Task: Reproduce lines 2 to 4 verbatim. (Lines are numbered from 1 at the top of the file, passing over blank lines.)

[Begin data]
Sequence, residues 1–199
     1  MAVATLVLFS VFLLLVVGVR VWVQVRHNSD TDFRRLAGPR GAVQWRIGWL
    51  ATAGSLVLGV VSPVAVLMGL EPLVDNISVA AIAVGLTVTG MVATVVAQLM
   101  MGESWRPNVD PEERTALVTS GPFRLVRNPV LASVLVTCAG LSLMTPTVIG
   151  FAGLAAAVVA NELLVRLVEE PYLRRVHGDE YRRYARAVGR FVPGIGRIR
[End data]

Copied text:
     1  MAVATLVLFS VFLLLVVGVR VWVQVRHNSD TDFRRLAGPR GAVQWRIGWL
    51  ATAGSLVLGV VSPVAVLMGL EPLVDNISVA AIAVGLTVTG MVATVVAQLM
   101  MGESWRPNVD PEERTALVTS GPFRLVRNPV LASVLVTCAG LSLMTPTVIG